11.2 (2021) Special Issue: Popular Music, Decolonization and Indigenous Studies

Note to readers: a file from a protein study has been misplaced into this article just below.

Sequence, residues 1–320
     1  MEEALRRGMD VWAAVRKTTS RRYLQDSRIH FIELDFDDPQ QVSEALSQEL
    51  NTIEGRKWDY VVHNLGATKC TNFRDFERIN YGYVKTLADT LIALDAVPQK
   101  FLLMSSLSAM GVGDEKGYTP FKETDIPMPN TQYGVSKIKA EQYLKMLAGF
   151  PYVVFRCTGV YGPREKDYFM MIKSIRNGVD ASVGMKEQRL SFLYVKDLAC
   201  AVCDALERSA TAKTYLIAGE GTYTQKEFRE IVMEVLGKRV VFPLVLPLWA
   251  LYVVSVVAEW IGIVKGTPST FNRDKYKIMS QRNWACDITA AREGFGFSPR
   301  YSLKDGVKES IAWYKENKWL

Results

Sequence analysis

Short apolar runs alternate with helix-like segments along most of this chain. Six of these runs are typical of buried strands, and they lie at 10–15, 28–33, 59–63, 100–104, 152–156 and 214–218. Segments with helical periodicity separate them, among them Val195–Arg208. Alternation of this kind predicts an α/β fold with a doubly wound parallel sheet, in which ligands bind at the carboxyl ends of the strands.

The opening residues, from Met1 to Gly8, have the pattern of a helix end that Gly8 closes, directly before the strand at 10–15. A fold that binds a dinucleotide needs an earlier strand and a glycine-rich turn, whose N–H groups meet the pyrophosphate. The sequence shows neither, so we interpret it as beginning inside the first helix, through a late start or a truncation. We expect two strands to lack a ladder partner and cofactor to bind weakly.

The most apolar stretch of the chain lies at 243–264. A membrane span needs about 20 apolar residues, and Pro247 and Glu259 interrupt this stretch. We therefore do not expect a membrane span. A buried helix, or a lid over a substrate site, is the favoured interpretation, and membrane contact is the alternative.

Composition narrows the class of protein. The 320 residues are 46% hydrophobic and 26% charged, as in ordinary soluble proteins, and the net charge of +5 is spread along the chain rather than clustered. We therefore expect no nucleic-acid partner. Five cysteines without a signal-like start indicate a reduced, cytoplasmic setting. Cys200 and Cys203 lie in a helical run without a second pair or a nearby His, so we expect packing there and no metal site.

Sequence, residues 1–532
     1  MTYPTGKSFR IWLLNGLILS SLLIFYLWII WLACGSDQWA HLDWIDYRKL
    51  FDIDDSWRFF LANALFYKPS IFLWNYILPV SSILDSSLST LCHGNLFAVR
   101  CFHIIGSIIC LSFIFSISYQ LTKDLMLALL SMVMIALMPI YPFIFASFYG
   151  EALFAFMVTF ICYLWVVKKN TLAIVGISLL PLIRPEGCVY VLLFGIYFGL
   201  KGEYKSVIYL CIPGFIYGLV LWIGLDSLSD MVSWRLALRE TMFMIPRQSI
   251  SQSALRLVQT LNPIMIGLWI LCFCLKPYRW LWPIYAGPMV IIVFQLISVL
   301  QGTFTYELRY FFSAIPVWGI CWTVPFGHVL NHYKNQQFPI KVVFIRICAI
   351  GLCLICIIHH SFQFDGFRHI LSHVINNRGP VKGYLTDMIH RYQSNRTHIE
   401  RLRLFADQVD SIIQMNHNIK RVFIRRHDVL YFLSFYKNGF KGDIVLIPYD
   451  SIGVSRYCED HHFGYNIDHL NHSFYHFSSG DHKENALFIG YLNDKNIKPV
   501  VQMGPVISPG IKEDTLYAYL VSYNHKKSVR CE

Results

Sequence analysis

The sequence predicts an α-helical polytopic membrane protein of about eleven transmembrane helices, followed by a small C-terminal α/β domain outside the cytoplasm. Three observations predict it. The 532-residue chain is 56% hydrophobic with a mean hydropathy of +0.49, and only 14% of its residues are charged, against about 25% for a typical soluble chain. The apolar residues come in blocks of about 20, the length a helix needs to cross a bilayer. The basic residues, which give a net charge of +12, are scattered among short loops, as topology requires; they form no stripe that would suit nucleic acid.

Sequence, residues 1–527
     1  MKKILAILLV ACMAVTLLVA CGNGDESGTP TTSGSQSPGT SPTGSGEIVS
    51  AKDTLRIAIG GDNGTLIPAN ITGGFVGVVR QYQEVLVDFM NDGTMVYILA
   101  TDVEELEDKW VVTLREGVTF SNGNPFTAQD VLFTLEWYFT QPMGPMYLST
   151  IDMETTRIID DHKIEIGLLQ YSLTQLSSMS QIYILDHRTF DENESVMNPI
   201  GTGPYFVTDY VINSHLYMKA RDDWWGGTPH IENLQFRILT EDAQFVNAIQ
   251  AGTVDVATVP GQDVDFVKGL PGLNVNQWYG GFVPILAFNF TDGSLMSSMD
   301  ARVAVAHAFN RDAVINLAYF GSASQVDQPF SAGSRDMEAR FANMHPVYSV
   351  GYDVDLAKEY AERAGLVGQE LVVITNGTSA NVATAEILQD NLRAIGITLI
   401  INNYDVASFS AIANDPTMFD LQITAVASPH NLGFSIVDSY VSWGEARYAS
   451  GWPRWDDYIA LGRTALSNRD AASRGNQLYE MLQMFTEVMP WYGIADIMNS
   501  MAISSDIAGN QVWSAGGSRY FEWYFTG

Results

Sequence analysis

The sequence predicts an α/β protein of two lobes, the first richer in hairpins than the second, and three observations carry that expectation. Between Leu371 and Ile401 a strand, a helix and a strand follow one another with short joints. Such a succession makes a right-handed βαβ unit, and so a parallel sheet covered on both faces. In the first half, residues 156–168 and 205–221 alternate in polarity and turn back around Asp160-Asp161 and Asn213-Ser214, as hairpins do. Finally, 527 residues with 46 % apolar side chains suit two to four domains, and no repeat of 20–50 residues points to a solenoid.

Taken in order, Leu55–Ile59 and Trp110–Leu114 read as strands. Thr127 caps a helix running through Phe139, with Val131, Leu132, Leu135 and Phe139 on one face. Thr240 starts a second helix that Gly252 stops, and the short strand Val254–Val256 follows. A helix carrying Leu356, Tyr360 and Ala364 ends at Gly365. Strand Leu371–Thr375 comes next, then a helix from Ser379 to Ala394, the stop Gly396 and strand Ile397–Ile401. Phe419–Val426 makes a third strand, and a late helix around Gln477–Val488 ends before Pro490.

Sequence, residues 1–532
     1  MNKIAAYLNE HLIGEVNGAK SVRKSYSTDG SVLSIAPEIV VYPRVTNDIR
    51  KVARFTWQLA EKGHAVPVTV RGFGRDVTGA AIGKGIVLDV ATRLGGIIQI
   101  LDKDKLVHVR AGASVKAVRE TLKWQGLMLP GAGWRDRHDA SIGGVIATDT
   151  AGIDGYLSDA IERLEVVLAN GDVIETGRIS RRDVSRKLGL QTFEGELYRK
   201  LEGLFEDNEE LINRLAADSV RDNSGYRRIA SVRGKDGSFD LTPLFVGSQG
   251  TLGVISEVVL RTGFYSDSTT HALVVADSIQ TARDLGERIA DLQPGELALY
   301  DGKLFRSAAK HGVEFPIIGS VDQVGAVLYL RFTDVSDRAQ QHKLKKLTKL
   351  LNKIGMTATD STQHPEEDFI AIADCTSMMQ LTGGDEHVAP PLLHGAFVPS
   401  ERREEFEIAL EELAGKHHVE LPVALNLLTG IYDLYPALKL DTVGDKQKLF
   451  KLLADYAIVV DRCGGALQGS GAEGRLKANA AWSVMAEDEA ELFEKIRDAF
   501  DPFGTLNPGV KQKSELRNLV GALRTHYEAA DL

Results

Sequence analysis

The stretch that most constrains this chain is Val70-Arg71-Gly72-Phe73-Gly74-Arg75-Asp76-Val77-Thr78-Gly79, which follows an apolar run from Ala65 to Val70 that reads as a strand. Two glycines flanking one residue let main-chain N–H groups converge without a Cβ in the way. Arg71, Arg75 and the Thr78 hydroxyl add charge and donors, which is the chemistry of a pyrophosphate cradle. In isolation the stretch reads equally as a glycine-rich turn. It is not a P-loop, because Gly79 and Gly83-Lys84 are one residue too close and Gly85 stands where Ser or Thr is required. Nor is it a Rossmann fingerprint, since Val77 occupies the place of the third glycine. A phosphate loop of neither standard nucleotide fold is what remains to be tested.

This Special Issue (11.2) of IASPM Journal aims to contribute to an ongoing process of decolonization through the lens and practices of popular music by highlighting Indigenous academics, theorists and musical explorations. The issue contains six articles and five book reviews. Liz Przybylski explores “Indigenous survivance” through what she calls “sonic sovereignty” which is the ability to frame how one is heard. Jon Bullock engages with Indigeneity discourse itself, offering a study on the early history of Kurdish Radio Baghdad. Israel Holas Allimant and Sergio Holas look at a 1970’s Chilean Psychedelic Rock band Los Jaivas, showing how their incorporation of Indigenous ways of being decolonize mainstream conceptions of the Chilean subject (as Andean, not dis-placed European). Ryan Shuvera offers an account of Inuk popular music artist and throat singer, Tanya Tagaq, looking in particular at the artist’s 2016 cover of Nirvana’s “Rape Me.” Ann Werner discusses the 2019 pop/hip hop album of one of the most well-known Sámi artists in Sweden, Maxida Märak, through an Indigenous feminist lens. Ismael de Oliveira Gerolamo's article, in the Open Section of the Issue, analyzes the third album of the Brazilian singer Nara Leão. Nico Thom reviews a book on Eastern European popular music. Marie Thompson reviews Dylan Robinson's Hungry Listening. Michael Ahlers reviews a field guide to understanding records. Benjamin Burkhart's review covers rap music's flow and rhythm. Sergio Pisfil reviews Carlos Torres Rotondo's Demoler: El Rock en el Perú 1965-1975 about the Peruvian rock scene. Click here to access this issue.